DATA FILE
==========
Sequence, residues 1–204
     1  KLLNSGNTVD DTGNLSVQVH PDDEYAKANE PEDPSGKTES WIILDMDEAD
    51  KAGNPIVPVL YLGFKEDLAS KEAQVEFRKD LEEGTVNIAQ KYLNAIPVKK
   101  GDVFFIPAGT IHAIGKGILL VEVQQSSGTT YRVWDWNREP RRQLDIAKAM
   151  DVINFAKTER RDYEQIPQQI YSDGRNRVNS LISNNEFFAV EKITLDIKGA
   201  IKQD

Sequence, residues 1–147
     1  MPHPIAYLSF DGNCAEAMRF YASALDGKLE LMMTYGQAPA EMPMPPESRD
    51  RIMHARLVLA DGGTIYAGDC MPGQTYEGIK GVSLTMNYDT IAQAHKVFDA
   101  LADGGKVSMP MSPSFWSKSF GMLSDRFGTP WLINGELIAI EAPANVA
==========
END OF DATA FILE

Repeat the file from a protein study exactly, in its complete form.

Sequence, residues 1–204
     1  KLLNSGNTVD DTGNLSVQVH PDDEYAKANE PEDPSGKTES WIILDMDEAD
    51  KAGNPIVPVL YLGFKEDLAS KEAQVEFRKD LEEGTVNIAQ KYLNAIPVKK
   101  GDVFFIPAGT IHAIGKGILL VEVQQSSGTT YRVWDWNREP RRQLDIAKAM
   151  DVINFAKTER RDYEQIPQQI YSDGRNRVNS LISNNEFFAV EKITLDIKGA
   201  IKQD

Sequence, residues 1–147
     1  MPHPIAYLSF DGNCAEAMRF YASALDGKLE LMMTYGQAPA EMPMPPESRD
    51  RIMHARLVLA DGGTIYAGDC MPGQTYEGIK GVSLTMNYDT IAQAHKVFDA
   101  LADGGKVSMP MSPSFWSKSF GMLSDRFGTP WLINGELIAI EAPANVA